Prāṇāyāma within Rāja Yoga and Haṭha Yoga

According to the Yoga Kuṇḍalinī Upaniṣad verse 1 – the activity of Citta or psyche has two causes, the movement of Vāsana or latent impressions and the movement of Vāyu or Prāṇa. If one of them is active so is the other, equally if one of them is influenced so is the other.

These are the primary foci within the principles and practices of Rāja Yoga around Citta and Haṭha Yoga around Prāṇa. In terms of primary practices common to both we have Prāṇāyāma.

However as with Āsana within either Rāja Yoga and Haṭha Yoga (a topic for a future post), there are different priorities in the Viniyoga (application) of this common primary tool.

In the Rāja Yoga approach, as delineated in texts such as the Yoga Sūtra, the practice of Prāṇāyāma is focused around developing and refining the principles of ratio, attention, timing and number of breaths.

The fruits of this approach are a reduction in confusion (Yoga Sūtra C2 v52) and fitness for the first steps in the meditative process (Yoga Sūtra C2 v53) towards cultivating an experience of being filled with a subtle sense of stillness (Yoga Sūtra C1 v3).

However no practices are mentioned or discussed around working with the contrasting aspects of the two channels (Iḍā and Piṅgalā).

In the Haṭha Yoga approach, as delineated in texts such as the Haṭha Pradīpikā, the practice of Prāṇāyāma is focused around developing and refining the principles of using two primary channels (Iḍā and Piṅgalā) through a variety techniques to effect a Śodhana (clearing of blockages) of the Nāḍī (channels for Prāṇa).

The fruits of this approach are an intensification of the personal field of Prāṇa in anticipation of utilising the tools of Mudrā in order to direct this build up of Prāṇa towards breaking through the blockage in the Suṣumṇā Nāḍī caused by Kuṇḍalinī. (For more on the subject of Prāṇa, Nāḍī, Suṣumṇā and Kuṇḍalinī follow this link to an article on Prāṇa its Origin, Function & Malfunction).

In this case a much more active and potentially destabilising situation, hence Haṭha practices were developed within a more restrained life environment, often at odds with todays lifestyle Yoga amidst the detox/retox flows of modern Western society.

Although obviously complementary, as affirmed in the opening quote, we must consider our priorities in choosing to cultivate the practice of Prāṇāyāma within our personal practice or professional application.

It would be great if we could integrate both aspects into a single practice, however I would suggest that, along with Yoga Dhyāna (Yoga meditation), the practice least practiced and least taught these days (any connection between the two?) is Prāṇāyāma.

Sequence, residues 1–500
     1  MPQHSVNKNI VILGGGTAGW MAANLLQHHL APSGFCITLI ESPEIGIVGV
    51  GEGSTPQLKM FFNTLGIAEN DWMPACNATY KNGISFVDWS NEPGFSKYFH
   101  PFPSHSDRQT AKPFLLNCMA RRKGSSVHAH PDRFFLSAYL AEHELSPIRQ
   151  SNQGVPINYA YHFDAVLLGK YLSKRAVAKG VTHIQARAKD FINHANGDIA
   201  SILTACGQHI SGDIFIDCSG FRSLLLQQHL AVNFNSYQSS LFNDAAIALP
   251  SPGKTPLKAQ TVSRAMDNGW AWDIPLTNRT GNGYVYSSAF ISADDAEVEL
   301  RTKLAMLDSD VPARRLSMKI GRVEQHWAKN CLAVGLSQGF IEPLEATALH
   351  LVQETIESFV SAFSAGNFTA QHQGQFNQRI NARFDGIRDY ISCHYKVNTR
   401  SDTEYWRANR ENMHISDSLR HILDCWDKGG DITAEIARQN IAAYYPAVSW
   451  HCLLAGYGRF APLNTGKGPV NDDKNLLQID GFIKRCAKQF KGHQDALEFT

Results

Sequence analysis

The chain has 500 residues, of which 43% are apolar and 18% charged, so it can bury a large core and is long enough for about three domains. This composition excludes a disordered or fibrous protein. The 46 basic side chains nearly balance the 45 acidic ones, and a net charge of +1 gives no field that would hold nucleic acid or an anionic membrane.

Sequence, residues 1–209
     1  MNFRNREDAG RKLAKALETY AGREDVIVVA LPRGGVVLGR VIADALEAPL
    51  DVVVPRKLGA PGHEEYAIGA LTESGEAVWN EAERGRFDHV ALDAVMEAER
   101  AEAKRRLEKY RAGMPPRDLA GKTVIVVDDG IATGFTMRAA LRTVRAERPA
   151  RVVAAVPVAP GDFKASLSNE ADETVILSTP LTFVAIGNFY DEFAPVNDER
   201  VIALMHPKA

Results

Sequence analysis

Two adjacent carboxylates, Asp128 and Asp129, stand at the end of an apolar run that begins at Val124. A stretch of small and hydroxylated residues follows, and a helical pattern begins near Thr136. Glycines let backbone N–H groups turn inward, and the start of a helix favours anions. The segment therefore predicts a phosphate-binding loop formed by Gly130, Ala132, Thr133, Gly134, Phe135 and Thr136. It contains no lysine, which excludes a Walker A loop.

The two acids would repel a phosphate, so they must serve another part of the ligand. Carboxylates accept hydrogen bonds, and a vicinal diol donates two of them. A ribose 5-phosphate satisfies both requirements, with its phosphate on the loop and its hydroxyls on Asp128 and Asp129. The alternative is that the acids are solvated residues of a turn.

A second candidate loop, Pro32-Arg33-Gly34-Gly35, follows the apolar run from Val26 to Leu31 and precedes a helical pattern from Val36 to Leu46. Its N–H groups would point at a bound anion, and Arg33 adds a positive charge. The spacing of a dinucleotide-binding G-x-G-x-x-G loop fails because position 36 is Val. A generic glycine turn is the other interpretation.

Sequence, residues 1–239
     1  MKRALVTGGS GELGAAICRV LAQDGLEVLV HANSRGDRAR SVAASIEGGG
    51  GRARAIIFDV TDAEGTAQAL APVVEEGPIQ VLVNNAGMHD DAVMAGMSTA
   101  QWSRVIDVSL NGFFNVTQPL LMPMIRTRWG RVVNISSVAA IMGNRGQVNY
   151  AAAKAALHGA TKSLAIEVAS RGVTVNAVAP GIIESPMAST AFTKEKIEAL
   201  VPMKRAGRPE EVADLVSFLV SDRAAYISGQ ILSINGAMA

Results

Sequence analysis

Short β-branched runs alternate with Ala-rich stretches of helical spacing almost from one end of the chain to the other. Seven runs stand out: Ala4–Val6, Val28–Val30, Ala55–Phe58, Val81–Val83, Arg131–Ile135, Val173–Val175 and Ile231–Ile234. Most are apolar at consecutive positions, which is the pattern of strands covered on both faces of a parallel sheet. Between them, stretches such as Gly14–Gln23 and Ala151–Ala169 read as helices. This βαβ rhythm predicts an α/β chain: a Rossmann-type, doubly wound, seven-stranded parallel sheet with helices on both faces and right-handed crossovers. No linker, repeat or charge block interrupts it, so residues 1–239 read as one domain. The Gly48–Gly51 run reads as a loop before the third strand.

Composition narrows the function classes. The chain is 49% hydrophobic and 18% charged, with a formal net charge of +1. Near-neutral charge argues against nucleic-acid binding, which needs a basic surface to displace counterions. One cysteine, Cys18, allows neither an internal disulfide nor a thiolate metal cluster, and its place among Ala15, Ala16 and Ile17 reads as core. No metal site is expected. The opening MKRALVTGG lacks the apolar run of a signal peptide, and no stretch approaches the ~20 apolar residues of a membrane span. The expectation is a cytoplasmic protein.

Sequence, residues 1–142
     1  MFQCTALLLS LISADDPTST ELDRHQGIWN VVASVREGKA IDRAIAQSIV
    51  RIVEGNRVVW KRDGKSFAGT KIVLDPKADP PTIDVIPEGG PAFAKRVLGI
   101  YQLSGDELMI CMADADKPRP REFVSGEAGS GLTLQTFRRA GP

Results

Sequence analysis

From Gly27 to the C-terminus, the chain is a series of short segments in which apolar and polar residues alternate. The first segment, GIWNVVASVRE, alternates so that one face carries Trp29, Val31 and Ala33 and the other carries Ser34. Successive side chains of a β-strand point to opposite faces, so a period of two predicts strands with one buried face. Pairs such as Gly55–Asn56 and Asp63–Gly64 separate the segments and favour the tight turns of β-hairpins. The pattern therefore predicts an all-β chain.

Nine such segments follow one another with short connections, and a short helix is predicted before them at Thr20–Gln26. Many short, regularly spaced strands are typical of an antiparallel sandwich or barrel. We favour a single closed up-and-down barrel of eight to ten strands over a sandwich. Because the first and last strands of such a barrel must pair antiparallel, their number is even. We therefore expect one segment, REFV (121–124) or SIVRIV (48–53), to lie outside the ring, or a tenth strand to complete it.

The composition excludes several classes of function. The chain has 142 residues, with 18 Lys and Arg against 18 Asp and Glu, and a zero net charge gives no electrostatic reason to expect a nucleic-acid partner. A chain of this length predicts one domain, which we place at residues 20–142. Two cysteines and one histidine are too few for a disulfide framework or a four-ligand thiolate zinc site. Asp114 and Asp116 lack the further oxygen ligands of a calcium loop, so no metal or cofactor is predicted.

Given that one is concerned with stabilising the mind and the other concerned with forcing (Haṭha) a flow through blockages (sort of energetic dyno-rod) and that many of todays students are starting from ‘wired and tired’ with very little time, energy or aptitude for a consistent, even if not intensive home practice, questions must be raised over priorities.

Furthermore it appears that in earlier days one had to be fit to start Yoga, whereas today people start Yoga to be fit. Equally in times past one had to be stable to start Yoga, whereas today we go to Yoga to ‘find’ stability.

So where to start with this and how to set a priority for our direction?

Personally I feel that our primary need today for most going to Yoga classes is Rāja or psychic stability, rather than even the more popularly perceived version of Haṭha, to allow us to be more skilful within our daily interactions.

Given that the ancient practices of Haṭha Yoga had a different priority to this and perhaps one that is questionable within todays society, the only realistic starting point is the Prāṇāyāma as outlined through Chapter Two of the Yoga Sūtra.

A further advantage of adopting this approach is that all the preparatory aspects in the cultivation of this wonderful art can be learnt and refined within the practice of Āsana.

Equally through freeing the student from all the ‘fiddling’ around with the nostrils, often to the detriment of quality of breath and attention, the practice of Prāṇāyāma links the student to the more refined aspects of Dhāraṇā (concentration) and Dhyānam (meditation) as a seated practice.

This was the priority, ere to the days of Haṭha, as seen in texts such as the Bhagavad Gītā where stability of mind through seated meditation was the focus (see chapter six aptly called the Yoga of Dhyāna).

Of course if the student has embraced this aspect of Prāṇāyāma and has time, energy and psychic space to explore and skilfully accommodate the outcome of disturbing blockages within the demands and relationships of daily life within the areas of family, work, and ‘me’ then great.

If not then perhaps better than doing neither or getting stuck on the sticky or wondering how to begin to meditate, learn how to embrace to breath through Āsana and let that use flow into seated practices where the focus is mindful breathing free of the complexities and potential pitfalls of Haṭha.

Obviously here I mean Haṭha in its original sense rather than the popularised version of body work that is often ‘sold’ today under the guise of Haṭha Yoga.

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